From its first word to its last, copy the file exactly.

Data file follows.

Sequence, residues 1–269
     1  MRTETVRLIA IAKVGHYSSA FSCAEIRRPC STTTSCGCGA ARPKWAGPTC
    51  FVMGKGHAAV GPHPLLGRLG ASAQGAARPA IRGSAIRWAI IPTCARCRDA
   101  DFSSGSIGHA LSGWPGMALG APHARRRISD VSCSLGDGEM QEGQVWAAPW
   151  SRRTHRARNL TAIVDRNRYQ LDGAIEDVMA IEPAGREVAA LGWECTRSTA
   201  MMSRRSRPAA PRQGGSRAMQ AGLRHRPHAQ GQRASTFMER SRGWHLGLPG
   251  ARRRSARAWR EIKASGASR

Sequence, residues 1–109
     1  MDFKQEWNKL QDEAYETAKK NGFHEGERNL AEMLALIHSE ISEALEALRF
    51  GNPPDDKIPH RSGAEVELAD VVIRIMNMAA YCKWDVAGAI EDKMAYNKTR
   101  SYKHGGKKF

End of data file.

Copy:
Sequence, residues 1–269
     1  MRTETVRLIA IAKVGHYSSA FSCAEIRRPC STTTSCGCGA ARPKWAGPTC
    51  FVMGKGHAAV GPHPLLGRLG ASAQGAARPA IRGSAIRWAI IPTCARCRDA
   101  DFSSGSIGHA LSGWPGMALG APHARRRISD VSCSLGDGEM QEGQVWAAPW
   151  SRRTHRARNL TAIVDRNRYQ LDGAIEDVMA IEPAGREVAA LGWECTRSTA
   201  MMSRRSRPAA PRQGGSRAMQ AGLRHRPHAQ GQRASTFMER SRGWHLGLPG
   251  ARRRSARAWR EIKASGASR

Sequence, residues 1–109
     1  MDFKQEWNKL QDEAYETAKK NGFHEGERNL AEMLALIHSE ISEALEALRF
    51  GNPPDDKIPH RSGAEVELAD VVIRIMNMAA YCKWDVAGAI EDKMAYNKTR
   101  SYKHGGKKF